Journal Article

Relegating Nazism to the Past

Raphael Gross

in German History

Published on behalf of German History Society

Volume 25, issue 2, pages 219-238
Published in print April 2007 | ISSN: 0266-3554
Published online April 2007 | e-ISSN: 1477-089X | DOI: http://dx.doi.org/10.1177/0266355406075715
Relegating Nazism to the Past

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This article builds on a research thesis that confronting moral feelings is essential to an understanding of the catastrophic political success of Nazism in Germany and the way Germany developed after its defeat in 1945. This research into a ‘moral history’ of Nazi Germany and its postwar echoes is carried out through an interdisciplinary approach that, in essence, combines historical with philosophical analysis. In the immediate postwar period, Germany continued to be stamped by discussions centred on moral guilt arising from its Nazi past and from the Holocaust in particular. The article analyses the different ways this guilt was discussed in 1945 and how these discussions echoed what can be described as a form of Nazi morality. The article uses three main sources to explore these issues: first, the writings and interrogations with the Nazi lawyer and Governor-General of Nazi-occupied Poland, Hans Frank; second, the memoirs of Hitler's secretary Traudl Junge; and third, the essay The Question of German Guilt by Karl Jaspers.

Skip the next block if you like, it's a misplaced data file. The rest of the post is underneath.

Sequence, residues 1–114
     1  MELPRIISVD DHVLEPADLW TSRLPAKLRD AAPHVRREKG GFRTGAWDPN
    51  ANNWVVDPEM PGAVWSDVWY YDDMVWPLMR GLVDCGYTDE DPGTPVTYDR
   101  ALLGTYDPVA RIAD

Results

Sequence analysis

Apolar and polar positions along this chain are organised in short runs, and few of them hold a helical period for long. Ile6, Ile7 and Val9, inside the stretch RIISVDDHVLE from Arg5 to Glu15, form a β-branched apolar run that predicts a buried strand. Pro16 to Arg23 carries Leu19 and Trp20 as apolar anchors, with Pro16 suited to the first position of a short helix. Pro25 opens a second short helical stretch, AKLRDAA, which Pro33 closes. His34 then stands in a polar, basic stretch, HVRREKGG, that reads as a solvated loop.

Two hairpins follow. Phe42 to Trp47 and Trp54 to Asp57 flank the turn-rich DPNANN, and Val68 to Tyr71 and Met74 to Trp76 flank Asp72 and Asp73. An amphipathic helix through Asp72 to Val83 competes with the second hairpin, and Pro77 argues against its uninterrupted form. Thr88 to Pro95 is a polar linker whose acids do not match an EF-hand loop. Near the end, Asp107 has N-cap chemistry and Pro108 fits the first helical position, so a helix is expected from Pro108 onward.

Keywords: Nazism and postwar Germany; History of Ethics; German History; Karl Jaspers; Traudl Junge; Hans Frank

Journal Article.  0 words. 

Subjects: European History

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